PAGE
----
Michelle Ryan: Why I Joined Aledade's Board
By Michelle Ryan, Aledade Board of Directors, Chair of the Audit Committee
I’ve been very fortunate to have the chance to work for nearly three decades at “the world’s largest health care company.” Johnson & Johnson is a nearly $500 billion market-cap company involved in the research, development, manufacture, and sale of countless health care products. At J&J, employees have a deep sense of pride and motivation in improving health care access and affordability and creating healthier communities globally.
Over the past year, as I began to look at other organizations where I could contribute my skills and experiences, I kept coming back to this company called Aledade. As J&J’s Treasurer, I was drawn instantly to the financial fundamentals of Aledade’s mission. In the United States today, we spend about $3 trillion in health care annually. Economists estimate that nearly $1 trillion of that spending is wasted. Health care costs are rising for families all across the country, yet we are not seeing the improvements in care or outcomes to justify that kind of spending.
How do we change that? Aledade has a simple and powerful answer - independent, empowered primary care. Primary care professionals all across the country direct nearly 85 cents of every dollar spent in health care through referrals and coordination of care. But we only invest about a nickel in these quarterbacks of the health care system. If we can change that dynamic, invest more in independent practices, give them the tools they need to coordinate their patients’ care, and the financial models to reward them for keeping patients healthy, we can truly bend the cost curve in American health care. And we can do it the right way. Practices working with Aledade have already proven that.
Something else struck me about this company. Every person I spoke with brought such energy and passion to their work - like they were powered by this singular commitment to changing our health care system for the better. It was exciting, and hard to not feel that passion myself. Culture can make or break a lot of companies in this work, and the culture here is strong.
But there was one part of Aledade that I just couldn’t figure out. There was more of a calling in the back of my mind. I’m a person who approaches my decisions logically, and it bugged me that I couldn’t quite put my finger on why I kept coming back to Aledade.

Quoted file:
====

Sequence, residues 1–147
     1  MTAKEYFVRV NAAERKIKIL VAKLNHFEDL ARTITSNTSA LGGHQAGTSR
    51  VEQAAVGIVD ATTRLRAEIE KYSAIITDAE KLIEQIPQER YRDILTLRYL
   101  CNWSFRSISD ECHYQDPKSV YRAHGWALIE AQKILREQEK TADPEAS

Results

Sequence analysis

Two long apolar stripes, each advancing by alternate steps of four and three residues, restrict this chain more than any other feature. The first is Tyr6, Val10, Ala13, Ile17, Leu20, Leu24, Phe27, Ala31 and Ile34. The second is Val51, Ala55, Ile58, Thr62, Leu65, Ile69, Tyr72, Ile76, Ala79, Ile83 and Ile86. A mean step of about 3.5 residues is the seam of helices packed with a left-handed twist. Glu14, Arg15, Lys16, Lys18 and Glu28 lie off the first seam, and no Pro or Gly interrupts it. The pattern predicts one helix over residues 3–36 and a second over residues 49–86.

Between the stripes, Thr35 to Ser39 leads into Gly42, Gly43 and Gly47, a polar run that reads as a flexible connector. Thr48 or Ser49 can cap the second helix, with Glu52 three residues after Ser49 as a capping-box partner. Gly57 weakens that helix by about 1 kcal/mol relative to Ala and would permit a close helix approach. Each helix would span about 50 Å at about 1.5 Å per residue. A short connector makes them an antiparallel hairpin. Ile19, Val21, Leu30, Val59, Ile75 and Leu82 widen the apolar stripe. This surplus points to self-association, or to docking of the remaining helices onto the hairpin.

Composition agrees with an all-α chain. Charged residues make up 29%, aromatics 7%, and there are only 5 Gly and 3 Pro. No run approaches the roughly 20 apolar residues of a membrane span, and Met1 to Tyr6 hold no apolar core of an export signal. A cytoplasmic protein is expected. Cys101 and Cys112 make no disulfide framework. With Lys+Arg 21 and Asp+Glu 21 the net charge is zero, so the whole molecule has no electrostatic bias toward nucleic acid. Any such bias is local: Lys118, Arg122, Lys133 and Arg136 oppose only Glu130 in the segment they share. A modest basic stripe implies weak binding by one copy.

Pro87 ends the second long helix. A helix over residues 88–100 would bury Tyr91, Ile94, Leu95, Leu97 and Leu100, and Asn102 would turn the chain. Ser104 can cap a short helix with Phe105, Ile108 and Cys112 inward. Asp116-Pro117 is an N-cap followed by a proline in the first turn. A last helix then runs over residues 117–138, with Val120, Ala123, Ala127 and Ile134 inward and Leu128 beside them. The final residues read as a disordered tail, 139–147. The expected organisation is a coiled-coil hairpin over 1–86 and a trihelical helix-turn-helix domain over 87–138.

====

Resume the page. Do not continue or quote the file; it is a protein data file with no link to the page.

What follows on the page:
That’s when I connected Aledade’s mission to my own story. Six years ago, my dad went through his own health care struggle. He eventually passed away peacefully in hospice, but the six months leading up to that were chaos. I’m pretty knowledgeable about our health care system but even I could hardly make sense of the maze of providers and prescriptions that came at my dad. There’s something about not feeling like you have a quarterback in this system - or a guide to help you navigate it. It causes so much anxiety for a family. In the midst of it, you feel like you’re just being tossed around in the surf, with no sense of what is up or down. It’s frustrating and confusing at a time when all you want is comfort and clarity.
That’s why I’m excited to see Aledade’s new work with Iris Healthcare, which will help ensure that more patients get the benefit of Comprehensive Advance Care Planning - giving them the chance to decide what kind of care they want for themselves in those final moments of life. It’s the type of care that’s better for patients, better for the doctors who want to bring their patients peace, and better for our whole society.
The sad fact is that nearly everyone has a story like my dad’s. The system of health care can all too often leave families behind, and drain that sense of pride that health care professionals rely on - the same sense of pride that drew them to their work in the first place.
We have to do something different. Here at Aledade, I see the mission, the vision, and the people who are helping us chart that new path. And it starts with empowered, independent primary care.